Media Most has accused the Putin government of pursuing a vendetta against the company and Gusinsky. However, Kohl, in a local interview, said that NTV’s independence from government was now protected, adding that he believed Gazprom Media and Media Most had agreed a “normal solution” to the financial problems.

      “We needed some time to analyse the situation and understand what further steps to take. We concluded an ordinary agreement with Media Most and a number of offshore companies, not with Vladimir Gusinsky personally. All the passions which flared up over this time should now subside. I hope the agreement will be honoured properly.”

      Kohl also confirmed that discussions were taking place with potential investors. “But I want to stress that Mr Murdoch is being considered along with other potential investors. There are no exclusions. The maximisation of the sum we will get as a result of one or another transaction will be the decisive criterion. That is why we are hiring Deutsche Bank, which has a spotless reputation in such deals,” he said recently.

      The financial agreement – and rescue – may not have come a moment too soon. On November 14 it was reported that the Moscow Court of Arbitration had ruled that $12.77 million be recovered from the NTV+ subsidiary that controlled the Bonum-1 satellite. The ruling said that in 1997-98 the Bonum-1 “closed joint stock company” borrowed $142.5 million in various Finance Ministry loans. The money was used for Bonum-1, needed for the rebroadcasting of NTV+ programmes across Russia.

      In January 2000, Bonum-1 stopped paying off the debt and interest, which prompted the Finance Ministry to take legal action. Bonum-1 was launched from Cape Canaveral, Florida in December 1998.

      Gusinsky has expanded his media empire on many fronts. In publishing, his Seven Days publishing house experienced financial problems following the August 1998 financial collapse in Russia. But the situation has since improved. Seven Days publishes the daily Segodnya, the weekly Itogi and TV listing magazine Seven Days and Karavan Stories. Last year Seven Days had typical sales of some 900,000 copies.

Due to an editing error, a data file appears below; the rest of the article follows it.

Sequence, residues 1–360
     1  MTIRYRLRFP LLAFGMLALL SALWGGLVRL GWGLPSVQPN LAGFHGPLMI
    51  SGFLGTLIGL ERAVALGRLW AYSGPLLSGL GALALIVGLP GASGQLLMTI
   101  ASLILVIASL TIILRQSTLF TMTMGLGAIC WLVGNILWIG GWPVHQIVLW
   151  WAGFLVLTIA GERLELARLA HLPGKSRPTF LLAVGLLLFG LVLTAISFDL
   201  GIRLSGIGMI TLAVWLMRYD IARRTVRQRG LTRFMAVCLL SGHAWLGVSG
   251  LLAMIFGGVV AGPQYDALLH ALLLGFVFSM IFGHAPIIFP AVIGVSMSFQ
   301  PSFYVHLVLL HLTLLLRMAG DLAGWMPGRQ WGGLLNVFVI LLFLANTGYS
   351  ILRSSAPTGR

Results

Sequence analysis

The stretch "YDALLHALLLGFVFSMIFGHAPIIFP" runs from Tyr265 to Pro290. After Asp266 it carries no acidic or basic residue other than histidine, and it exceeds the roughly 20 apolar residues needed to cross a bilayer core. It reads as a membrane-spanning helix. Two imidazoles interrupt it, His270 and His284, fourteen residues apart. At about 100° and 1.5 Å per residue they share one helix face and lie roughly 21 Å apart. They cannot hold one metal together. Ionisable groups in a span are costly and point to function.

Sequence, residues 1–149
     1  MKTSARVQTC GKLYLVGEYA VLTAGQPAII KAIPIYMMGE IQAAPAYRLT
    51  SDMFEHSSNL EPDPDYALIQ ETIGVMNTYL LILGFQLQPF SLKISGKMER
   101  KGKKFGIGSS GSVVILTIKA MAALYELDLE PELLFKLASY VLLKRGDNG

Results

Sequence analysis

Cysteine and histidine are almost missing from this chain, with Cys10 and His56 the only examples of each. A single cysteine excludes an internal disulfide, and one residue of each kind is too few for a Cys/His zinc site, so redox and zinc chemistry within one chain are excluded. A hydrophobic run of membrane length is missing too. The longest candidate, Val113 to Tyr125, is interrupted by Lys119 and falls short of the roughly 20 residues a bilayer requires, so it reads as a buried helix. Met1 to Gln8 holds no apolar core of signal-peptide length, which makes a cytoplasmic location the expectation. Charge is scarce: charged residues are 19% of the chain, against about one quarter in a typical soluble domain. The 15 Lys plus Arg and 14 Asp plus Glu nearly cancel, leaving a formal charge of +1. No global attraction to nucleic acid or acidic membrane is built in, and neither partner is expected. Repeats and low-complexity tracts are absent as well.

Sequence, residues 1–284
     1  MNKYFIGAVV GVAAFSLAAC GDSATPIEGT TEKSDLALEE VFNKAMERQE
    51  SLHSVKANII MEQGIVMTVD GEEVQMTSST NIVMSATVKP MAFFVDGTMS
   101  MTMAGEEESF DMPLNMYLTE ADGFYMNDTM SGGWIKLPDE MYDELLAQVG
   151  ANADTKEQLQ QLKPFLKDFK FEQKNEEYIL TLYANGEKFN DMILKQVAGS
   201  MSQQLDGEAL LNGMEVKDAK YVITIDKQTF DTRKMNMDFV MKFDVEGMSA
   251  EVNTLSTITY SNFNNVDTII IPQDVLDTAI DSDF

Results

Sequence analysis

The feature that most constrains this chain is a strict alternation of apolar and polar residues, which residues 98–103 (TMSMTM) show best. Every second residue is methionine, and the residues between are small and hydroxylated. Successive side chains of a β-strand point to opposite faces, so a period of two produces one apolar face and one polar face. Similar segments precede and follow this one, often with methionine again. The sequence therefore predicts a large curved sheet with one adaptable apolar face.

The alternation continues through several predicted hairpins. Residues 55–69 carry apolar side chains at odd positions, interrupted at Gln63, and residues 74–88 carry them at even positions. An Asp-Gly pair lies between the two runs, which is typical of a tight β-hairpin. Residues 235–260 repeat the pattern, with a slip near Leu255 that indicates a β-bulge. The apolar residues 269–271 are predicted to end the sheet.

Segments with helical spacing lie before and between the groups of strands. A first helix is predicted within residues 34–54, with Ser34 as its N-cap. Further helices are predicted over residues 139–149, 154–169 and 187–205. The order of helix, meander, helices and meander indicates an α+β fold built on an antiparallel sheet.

NTV also has a 100 per cent control in the Mir Kino cinema group and channel. Its interests include TV and movie production (including TV series) and the building of new cinema/entertainment complexes in Moscow and other Russian cities. Additional to our charted display of Media Most companies there is also NTV Profit, which makes films and series and has a video rental/distribution division.

      Amidst all this confusion there was one modest sign that a certain degree of normality exists in at least one of Media Most’s broadcasting divisions. Some 1,500 high school students are taking part in a ‘distance learning’ scheme called ‘Teleschool’ and broadcast through NTV-plus, was unveiled in Moscow last week, when broadcasts began and a related web site was launched.

      The broadcasts, transmitted via satellite and requiring decoders for reception, are available by subscription. Participating families will be required to pay for technical equipment, including a satellite dish. The maximum cost of installation with connection to the service is $368, according to NTV representatives.

      Meanwhile, NTV+ satellite subscriptions are still reportedly ‘buoyant’, helped no doubt by the continued problems of service from the Moscow TV tower. Russia, over the past 18 months, has seen consumer price inflation plummet from around 125 per cent per year to a more manageable 24 per cent.

      Moreover, the latest OECD figures suggest Russia’s current 6 per cent GDP will settle down to a calmer 4 per cent a year for at least the next two years. Media Most and NTV+ should benefit from this stability, especially if its financial troubles are contained. There is another aspect worth remembering. NTV+ also reaches Russia’s diaspora, whether in Europe, in Israel or in North America.

      Click on a tab to select how you'd like to leave your comment

      Leave a Reply